‘Fox & Friends’ Host Brian Kilmeade Embraces ‘Invasion’ as a ‘Fact’ After El Paso Shooter Uses Term

‘Fox & Friends’ Host Brian Kilmeade Embraces ‘Invasion’ as a ‘Fact’ After El Paso Shooter Uses Term

Despite a mass shooter citing migrants coming across the southern border as his motivation for slaughtering 22 people in El Paso last Saturday, Brian Kilmeade still sees nothing wrong with calling the flow an “invasion” no matter how inflammatory that may sound.

Kilmeade made the comments on Tuesday morning as the curvy couch crew of Fox & Friends went into DEFCON-1 mode in defense of President Trump’s white-supremacist rhetoric over the last couple of years, despite the fact that said rhetoric has a body count.

Here is Kilmeade protesting too much:

“What the president has during his two and a half years is a major problem at the border, which was not his doing. Unless you want to blame President Obama for the unaccompanied minors. When you have over 110,000 people coming a month, over a million last year, and then well over a million this year. If you use the term an ‘invasion,’ that is not anti-Hispanic. It’s a fact. If the Russians were coming through Alaska, through Canada, the president would be using the same language.”

Yes, and his language would be xenophobic in that case as well.

This is not hard. The president and his nativist allies have used apocalyptic language for years about the issues at the southern border, describing migrants as invading America and hollering that they must be stopped before the country is irrevocably changed and whites become a minority. There are a lot of armed Americans who see it as their patriotic duty to repel this onslaught. Some join militias to patrol the border. The El Paso shooter appears to have skipped that step and gone straight to shooting.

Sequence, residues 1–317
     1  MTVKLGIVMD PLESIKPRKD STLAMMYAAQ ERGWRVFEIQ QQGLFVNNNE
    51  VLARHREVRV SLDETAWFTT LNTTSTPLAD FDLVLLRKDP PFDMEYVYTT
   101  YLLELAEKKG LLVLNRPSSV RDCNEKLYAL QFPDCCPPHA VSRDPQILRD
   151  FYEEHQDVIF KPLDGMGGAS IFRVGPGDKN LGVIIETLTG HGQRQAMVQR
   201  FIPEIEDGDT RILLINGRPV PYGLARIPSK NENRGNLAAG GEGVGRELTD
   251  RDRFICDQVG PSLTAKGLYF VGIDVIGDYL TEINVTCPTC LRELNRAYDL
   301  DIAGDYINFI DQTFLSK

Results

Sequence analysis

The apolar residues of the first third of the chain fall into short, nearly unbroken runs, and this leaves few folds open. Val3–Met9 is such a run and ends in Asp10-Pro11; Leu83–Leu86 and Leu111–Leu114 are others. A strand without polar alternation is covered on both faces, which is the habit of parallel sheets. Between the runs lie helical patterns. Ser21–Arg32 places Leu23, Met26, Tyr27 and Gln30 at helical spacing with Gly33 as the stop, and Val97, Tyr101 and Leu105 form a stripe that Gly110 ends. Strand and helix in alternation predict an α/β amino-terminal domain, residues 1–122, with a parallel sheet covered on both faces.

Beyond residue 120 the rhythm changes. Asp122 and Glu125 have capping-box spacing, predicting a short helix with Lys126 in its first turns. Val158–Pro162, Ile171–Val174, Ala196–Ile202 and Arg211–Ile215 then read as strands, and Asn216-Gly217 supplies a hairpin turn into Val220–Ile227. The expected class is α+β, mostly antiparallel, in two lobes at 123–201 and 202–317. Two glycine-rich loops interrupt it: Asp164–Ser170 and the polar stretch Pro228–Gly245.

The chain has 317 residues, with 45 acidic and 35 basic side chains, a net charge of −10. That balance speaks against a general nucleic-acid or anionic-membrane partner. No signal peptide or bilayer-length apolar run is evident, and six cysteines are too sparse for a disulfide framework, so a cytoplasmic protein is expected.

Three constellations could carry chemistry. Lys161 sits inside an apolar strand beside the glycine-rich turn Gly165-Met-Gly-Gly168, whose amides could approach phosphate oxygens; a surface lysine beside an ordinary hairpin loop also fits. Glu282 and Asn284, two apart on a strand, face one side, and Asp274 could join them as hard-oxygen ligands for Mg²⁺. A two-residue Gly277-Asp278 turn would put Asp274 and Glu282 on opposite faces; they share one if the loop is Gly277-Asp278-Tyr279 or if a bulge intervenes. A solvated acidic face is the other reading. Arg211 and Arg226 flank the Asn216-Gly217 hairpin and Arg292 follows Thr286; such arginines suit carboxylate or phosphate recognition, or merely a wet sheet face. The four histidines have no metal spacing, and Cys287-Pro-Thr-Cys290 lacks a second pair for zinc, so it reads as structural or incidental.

Earlier in the segment, Steve Doocy read a disapproving editorial from the Wall Street Journal:

“And it goes on to say the media and Democratic politicians have drawn a straight line between the El Paso shooter’s anti-immigrant manifesto and Donald Trump and the Republican Party. After so many recent mass shootings, it is disheartening to see how quickly the issue of these two highly disturbed shooters was overwhelmed by the urge to assign political causation.”

It is easy to assign “political causation” to the shooter in El Paso because he said explicitly that he was responding to the “invasion” of Texas by Hispanic migrants, which is the same language used by Trump in describing the highly partisan and political issue of what to do about the southern border.

The hosts of Fox & Friends don’t want anyone to point fingers because then they would have to take a long look at themselves and their support for President Trump. And that is bad for the network’s business model.

Watch the video above, via Fox News.

Gary Legum

Gary Legum has written about politics and culture for Independent Journal Review, Salon, The Daily Beast, Wonkette, AlterNet and McSweeney's, among others. He currently lives in his native state of Virginia.